Rain is rare in March, meaning the chance of clear mountain views in the Everest Region is good. However, as temperatures rise throughout Nepal, especially in the second half of the month, humidity increases. You're still likely to get good clear views, but they may not be as crisp or as reliable as in the winter.
The advantage is, of course, warmer temperatures in March than in January or February. While snow may stick around at higher altitudes, and surprise snowfall can disrupt plans at any time, many trails will be thawing out by this time. You'll still need to pack well for cold weather—the temperatures in Namche Bazaar, for example, can be as low as 27°F (-3°C). But they can also be as high as 49°F (9°C).
Crowds & Costs
While March isn't as busy as April, accommodation on the standard Everest Base Camp (EBC) route fills up quickly at this time. Trekking with a good guide is one way of mitigating this, as they will book you into a decent lodge, although the choices they have available to them will be restricted by how busy the trails are. Alternatively, you can opt for an off-shoot of the EBC trek, which visits the same region but follows a less common route. See below for some ideas.
The classic Everest Base Camp trek is a popular classic for a good reason—but it is very popular. If you'd prefer quieter trails and views unobstructed by other trekkers' heads, there are many alternative routes in the Everest area that overlap with EBC but take you along quieter paths.
Some of the more off-the-beaten-path camping treks are not a great idea in March, as temperatures at higher altitudes will still be cold, especially at night, and snow could be a problem. But, as March is the beginning of the spring trekking season, many teahouses will be reopening after their winter break, meaning there will be better accommodation options than in January or February.
The Gokyo Lakes trek diverges towards the turquoise waters of the route's namesake glacial lakes. The Tengboche Monastery trek takes you to one of the most important Tibetan Buddhist monasteries in Nepal, from where there are incredible views of the distinctive Ama Dablam. The Dingboche trek is similar but continues a little further to the small settlement of Dingboche. The Ama Dablam Base Camp trek is also a great way to visit a place that most people miss when trekking in this region.
Trekking peaks are generally accessible again in March, so if you want a greater challenge than a simple trek and have high-altitude climbing experience, a trekking peak is a good introduction to Himalayan climbing. Island Peak (20,305 feet/6,189 m) is a challenging climb, but not too technical. The trek to get there follows much of the traditional EBC trek, so if this is your first time in the region you can get the best of both worlds—following a popular route and going somewhere less explored.
Chat with a local specialist who can help organize your trip.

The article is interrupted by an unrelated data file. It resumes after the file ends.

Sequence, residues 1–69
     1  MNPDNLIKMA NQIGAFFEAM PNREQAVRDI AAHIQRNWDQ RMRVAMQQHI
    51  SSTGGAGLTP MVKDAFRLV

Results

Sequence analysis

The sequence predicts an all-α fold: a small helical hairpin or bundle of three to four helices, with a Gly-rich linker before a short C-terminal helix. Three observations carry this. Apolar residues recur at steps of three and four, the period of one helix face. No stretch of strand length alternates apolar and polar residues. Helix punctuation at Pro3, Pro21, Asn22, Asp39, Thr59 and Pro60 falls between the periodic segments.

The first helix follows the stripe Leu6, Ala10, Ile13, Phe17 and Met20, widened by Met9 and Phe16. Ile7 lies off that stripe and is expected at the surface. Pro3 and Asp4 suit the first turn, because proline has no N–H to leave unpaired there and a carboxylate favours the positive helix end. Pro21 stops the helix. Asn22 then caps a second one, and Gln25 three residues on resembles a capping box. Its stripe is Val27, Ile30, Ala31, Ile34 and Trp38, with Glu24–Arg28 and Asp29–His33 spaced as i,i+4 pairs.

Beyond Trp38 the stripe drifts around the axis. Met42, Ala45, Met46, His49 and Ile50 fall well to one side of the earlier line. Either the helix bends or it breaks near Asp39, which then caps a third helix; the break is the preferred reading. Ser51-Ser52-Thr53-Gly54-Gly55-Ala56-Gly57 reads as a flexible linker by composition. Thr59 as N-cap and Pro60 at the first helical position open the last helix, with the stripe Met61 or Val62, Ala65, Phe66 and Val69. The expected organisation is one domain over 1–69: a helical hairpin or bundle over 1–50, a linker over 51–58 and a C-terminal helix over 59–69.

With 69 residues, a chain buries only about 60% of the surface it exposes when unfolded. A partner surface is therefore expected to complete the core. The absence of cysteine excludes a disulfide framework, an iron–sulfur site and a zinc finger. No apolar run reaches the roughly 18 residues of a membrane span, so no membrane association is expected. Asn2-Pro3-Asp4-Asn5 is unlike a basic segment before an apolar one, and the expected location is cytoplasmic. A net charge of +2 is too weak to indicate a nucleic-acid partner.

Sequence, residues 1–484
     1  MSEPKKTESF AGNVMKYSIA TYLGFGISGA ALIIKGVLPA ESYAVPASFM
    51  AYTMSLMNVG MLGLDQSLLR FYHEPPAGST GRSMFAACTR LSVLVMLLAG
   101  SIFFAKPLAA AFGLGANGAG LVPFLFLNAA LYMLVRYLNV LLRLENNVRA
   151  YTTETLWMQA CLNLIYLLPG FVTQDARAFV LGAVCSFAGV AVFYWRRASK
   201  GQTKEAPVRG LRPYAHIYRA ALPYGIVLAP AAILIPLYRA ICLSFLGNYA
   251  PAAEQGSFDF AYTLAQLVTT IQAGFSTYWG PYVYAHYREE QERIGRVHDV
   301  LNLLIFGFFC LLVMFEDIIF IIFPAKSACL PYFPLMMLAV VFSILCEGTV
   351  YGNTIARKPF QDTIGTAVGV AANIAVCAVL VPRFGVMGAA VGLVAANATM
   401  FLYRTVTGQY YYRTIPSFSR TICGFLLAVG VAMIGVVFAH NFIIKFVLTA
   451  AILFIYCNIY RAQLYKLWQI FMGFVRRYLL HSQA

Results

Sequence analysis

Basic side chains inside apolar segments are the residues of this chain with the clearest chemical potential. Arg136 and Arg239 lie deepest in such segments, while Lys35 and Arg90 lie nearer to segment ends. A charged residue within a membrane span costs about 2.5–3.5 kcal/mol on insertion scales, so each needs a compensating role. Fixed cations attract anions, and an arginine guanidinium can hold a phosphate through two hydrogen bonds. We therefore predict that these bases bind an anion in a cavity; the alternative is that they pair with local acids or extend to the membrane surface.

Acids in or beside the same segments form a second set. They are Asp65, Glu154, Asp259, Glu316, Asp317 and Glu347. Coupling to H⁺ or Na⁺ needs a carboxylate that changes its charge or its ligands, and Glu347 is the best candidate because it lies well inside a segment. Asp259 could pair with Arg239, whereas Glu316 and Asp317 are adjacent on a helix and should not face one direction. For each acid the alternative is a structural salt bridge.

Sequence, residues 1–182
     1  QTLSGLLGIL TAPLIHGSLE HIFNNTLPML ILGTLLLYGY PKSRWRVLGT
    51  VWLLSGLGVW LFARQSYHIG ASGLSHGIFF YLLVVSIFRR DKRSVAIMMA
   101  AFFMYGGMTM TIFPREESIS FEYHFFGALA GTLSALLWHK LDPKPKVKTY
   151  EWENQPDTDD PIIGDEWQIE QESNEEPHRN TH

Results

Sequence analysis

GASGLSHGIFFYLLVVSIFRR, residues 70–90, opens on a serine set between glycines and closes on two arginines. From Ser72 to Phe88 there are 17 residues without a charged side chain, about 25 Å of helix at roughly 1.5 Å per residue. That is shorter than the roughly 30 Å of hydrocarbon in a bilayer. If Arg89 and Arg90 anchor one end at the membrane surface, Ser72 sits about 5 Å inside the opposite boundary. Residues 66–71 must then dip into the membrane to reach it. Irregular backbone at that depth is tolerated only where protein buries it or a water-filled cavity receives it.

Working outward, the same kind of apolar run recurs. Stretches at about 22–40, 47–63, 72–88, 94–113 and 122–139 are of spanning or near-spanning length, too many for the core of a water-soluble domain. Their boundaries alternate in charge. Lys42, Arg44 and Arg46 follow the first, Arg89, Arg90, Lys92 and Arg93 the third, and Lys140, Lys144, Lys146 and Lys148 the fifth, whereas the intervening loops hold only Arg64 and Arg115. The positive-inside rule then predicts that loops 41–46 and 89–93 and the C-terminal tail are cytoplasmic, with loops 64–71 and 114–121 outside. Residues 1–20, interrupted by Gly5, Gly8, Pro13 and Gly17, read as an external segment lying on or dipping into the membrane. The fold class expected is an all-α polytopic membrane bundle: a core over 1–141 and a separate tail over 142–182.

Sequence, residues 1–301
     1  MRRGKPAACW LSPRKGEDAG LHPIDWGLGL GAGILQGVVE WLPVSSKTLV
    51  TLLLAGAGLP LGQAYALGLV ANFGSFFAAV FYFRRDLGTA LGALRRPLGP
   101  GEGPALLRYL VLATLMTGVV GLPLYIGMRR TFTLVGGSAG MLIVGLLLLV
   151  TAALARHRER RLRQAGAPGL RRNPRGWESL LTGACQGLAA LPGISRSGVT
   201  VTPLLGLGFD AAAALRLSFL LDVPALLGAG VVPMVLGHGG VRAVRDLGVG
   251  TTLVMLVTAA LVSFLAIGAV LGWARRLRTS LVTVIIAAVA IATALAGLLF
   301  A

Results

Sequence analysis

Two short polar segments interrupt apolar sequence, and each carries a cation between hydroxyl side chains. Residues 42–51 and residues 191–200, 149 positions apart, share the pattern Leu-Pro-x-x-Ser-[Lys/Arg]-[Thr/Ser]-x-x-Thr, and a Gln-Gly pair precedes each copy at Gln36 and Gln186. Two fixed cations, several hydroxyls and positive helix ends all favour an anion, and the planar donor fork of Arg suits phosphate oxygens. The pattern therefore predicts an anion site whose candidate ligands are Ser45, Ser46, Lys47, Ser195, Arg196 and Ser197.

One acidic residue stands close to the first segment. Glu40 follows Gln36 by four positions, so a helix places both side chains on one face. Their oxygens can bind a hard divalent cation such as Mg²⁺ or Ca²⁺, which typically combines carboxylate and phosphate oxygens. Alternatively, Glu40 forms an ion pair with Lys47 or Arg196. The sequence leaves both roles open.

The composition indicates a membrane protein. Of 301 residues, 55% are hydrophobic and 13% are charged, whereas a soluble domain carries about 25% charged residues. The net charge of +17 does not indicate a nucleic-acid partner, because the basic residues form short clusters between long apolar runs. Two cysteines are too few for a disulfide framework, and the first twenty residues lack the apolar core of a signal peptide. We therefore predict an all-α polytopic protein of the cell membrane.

What to Bring
While the better teahouses usually provide blankets, it's always a good idea to bring your own sleeping bag. Blankets at teahouses aren't washed very often, so are better used as a top layer, above your own cozy sleeping bag. While a winter-weight sleeping bag will probably be welcome, these tend to be quite bulky. Combining a three-season sleeping bag with woolen blankets from a teahouse should be adequate, as long as you have appropriate clothing, too.
Down jackets are ideal because they're light and easily packed away in the daytime if you get too warm walking. Also bring good merino and synthetic fiber clothing to keep you warm in the evenings and nights, as well as woolen hats, gloves, socks, and scarves. Sunscreen is also a must.
Getting There & Away
The quickest way of getting to the Everest region in March (as in any season) is to fly from Kathmandu to Lukla. Although rainfall is typically low in March, Kathmandu is especially smoggy and dusty leading up to the monsoon in June, so atmospheric conditions could cause flight delays.
Domestic flights between Kathmandu and Lukla will also fill up quite quickly in March, so it's important to book as far ahead as possible. Read more in this article about getting from Kathmandu to Lukla.
If you're up for a greater adventure and want to walk (almost) the whole way, take the trail from Jiri to Lukla. This is called the 'Pioneers' Route' because it was the trekking trail that early Western mountaineers took to access the Everest region, before Lukla's airport was built. Jiri is about day's drive from Kathmandu.
Similarly, it's also possible to fly from Kathmandu to Phaplu and trek to Lukla through the Solukhumbu region. Few trekkers these days take either of these trails as you need to have a bit more time, but those who do tend to appreciate the more gradual ascent to the high altitudes of the Khumbu, and also enjoy seeing the landscape and cultures change every day. These treks add 4-7 days to more standard itineraries in the Everest region.
Events in March
The Everest region is primarily Tibetan Buddhist in culture and religion, and many of Nepal's most interesting March festivals come from Hindu traditions, so are not widely celebrated in the mountains. However, by planning a trek in Nepal in March, you can experience one of the following festivals in Kathmandu before or after your trek. Traditional Nepali festivals, usually follow a lunar calendar, so some festivals that fall in March one year may be in February or April the next. Festivals that often fall in March are:
Ghode Jatra, a Kathmandu-specific festival where the Nepal Army performs horse races at the parade ground (Tundhikhel) to ward off the demon Gurumapa.
Maha Shivaratri, particularly lively at Kathmandu's Pashupatinath Temple, where thousands of sadhus (Hindu holy men) gather to worship Lord Shiva.
Holi, the festival of spring, where water and colored powders are thrown around in celebration.